As bearing upon the liquor system of the Virginians, I will quote from that great work that brought the people of England to see the iniquities of the protective system and to a considerable extent abolish it. In the Wealth of Nations, considering different trades, including the traffic in tobacco and alcohol, the workman and his drinks, Adam Smith, the father of political economy, states:

"He may, no doubt, buy too much of either, as he may of any other dealers in his neighborhood, of the butcher, if he is a glutton, of the draper, if he affects to be a beau among his companions. It is advantageous to the great body of workmen, notwithstanding, that all these trades should be free, though this freedom may be abused in all of them, and is more likely to be so, perhaps, in some than in others. Though individuals, besides, may sometimes ruin their fortunes by an excessive consumption of fermented liquors, there seems to be no risk that a nation should do so. Though in every country there are many people who spend upon such liquors more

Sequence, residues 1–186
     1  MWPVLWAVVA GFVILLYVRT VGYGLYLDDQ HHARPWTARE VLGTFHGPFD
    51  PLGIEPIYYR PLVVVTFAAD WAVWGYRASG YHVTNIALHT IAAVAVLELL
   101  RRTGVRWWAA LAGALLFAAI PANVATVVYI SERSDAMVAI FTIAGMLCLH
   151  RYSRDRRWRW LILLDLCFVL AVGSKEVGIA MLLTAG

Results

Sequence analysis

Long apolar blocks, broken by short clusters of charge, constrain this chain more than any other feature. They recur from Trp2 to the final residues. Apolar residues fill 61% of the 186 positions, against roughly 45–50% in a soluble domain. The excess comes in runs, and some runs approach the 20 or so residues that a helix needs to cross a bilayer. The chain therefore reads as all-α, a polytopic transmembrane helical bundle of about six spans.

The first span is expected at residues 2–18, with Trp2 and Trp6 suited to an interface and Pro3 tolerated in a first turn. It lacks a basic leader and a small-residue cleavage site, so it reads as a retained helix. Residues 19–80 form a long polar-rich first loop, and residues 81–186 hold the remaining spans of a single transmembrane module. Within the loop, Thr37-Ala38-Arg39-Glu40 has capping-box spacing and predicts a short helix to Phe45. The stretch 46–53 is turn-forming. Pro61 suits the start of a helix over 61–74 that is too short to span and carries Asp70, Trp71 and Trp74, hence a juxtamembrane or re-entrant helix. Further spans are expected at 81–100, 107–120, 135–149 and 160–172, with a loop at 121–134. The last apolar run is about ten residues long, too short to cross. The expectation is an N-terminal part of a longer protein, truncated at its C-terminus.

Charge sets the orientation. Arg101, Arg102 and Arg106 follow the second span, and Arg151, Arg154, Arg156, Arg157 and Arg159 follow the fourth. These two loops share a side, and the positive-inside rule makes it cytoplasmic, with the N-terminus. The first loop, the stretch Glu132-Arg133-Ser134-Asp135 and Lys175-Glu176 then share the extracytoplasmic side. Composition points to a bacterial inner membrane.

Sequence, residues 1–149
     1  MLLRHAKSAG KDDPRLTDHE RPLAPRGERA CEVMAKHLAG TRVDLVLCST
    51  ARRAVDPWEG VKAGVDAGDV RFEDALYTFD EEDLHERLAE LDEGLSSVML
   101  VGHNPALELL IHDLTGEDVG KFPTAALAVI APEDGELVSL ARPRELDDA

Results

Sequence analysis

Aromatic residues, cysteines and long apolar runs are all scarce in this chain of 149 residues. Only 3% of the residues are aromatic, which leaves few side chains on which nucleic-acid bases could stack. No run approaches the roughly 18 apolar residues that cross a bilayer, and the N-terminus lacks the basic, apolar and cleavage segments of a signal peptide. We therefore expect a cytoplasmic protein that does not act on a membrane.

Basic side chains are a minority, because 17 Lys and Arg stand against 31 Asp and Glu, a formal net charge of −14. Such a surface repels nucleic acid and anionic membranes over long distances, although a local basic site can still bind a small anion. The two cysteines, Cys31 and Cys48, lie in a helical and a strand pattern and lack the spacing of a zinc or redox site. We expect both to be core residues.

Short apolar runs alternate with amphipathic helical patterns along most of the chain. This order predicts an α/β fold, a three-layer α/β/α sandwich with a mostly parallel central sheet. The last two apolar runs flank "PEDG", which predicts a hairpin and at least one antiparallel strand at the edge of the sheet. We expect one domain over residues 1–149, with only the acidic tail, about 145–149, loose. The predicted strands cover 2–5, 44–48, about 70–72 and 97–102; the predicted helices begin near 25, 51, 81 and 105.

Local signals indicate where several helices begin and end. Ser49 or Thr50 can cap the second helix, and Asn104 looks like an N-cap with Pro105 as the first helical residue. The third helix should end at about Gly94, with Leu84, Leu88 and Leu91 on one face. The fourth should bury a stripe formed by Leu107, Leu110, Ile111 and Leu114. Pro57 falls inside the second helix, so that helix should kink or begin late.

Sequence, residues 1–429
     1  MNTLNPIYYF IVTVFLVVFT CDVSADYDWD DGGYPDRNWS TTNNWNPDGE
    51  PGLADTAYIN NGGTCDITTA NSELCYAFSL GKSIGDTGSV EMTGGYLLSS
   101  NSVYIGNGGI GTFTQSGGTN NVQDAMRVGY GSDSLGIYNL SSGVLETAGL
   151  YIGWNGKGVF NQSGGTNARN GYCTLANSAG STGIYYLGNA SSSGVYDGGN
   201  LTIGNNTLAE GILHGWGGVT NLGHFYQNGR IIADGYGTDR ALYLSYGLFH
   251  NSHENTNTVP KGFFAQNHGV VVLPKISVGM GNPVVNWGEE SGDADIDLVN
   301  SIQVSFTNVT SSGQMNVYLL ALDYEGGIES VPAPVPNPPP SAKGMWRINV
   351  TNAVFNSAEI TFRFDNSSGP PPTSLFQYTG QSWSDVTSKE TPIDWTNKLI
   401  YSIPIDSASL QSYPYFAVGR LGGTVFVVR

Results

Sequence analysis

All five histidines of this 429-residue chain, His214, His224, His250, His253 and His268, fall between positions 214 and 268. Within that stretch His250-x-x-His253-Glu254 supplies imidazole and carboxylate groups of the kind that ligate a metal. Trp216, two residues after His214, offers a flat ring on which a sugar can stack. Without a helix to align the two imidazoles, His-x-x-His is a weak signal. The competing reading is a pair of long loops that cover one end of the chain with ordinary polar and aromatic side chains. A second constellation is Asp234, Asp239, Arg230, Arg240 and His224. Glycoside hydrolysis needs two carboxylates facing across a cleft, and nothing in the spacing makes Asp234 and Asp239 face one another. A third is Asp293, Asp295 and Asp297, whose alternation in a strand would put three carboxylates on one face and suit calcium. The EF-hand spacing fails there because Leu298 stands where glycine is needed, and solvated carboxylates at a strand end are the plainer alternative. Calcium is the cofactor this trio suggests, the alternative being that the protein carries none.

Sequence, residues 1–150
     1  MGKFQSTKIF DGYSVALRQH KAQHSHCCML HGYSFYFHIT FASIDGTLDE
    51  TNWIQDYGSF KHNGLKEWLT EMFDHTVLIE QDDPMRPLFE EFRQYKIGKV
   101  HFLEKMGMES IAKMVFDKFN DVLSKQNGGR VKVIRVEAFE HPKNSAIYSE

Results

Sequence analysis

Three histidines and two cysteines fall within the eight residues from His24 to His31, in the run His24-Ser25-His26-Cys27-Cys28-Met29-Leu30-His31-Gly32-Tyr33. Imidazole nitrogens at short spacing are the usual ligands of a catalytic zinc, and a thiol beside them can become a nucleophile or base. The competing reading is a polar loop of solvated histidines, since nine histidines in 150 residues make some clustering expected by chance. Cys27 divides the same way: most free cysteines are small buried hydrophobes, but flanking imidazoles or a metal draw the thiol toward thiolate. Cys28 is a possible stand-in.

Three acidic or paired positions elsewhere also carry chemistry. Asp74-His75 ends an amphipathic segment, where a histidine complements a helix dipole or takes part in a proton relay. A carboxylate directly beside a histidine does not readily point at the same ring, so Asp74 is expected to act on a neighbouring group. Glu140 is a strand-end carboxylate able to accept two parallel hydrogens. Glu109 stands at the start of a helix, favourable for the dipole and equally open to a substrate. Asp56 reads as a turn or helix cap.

than they can afford, there are always many more who spend less. It deserves to be remarked, too, if we consult experience, the cheapness of wine seems to be a cause, not of drunkenness, but of sobriety. The inhabitants of the wine countries are in general the soberest people in Europe; witness the Spaniards, the Italians, and the inhabitants of the southern provinces of France. People are seldom guilty of excess in what is their daily fare. Nobody affects the character of liberality and good fellowship, by being profuse of a liquor which is as cheap as small beer. On the contrary, in the countries which, either from excessive heat or cold, produce no grapes, and where wine consequently is dear and a rarity, drunkenness is a common vice, as among the northern nations, and all those who live between the tropics, the negroes, for example, on the coast of Guinea. When a French regiment comes from some of the northern provinces of France, where wine is somewhat dear, to be quartered in the southern, where it is very cheap, the soldiers, I have frequently heard it observed, are at first debauched by the cheapness and novelty of good wine; but after a few months' residence the greater part of them become as sober as the rest of the inhabitants. Were the duties upon foreign wines, and the excises upon malt beer and ale, to be taken away all at once, it might, in the same manner, occasion in Great Britain a pretty general and temporary drunkenness among the middling and inferior ranks of people, which would probably be soon followed by a permanent and almost universal sobriety. At present drunkenness is by no means the vice of the people of fashion, or of those who can easily afford the most expensive liquors. A gentleman drunk with ale has scarce ever been seen among us."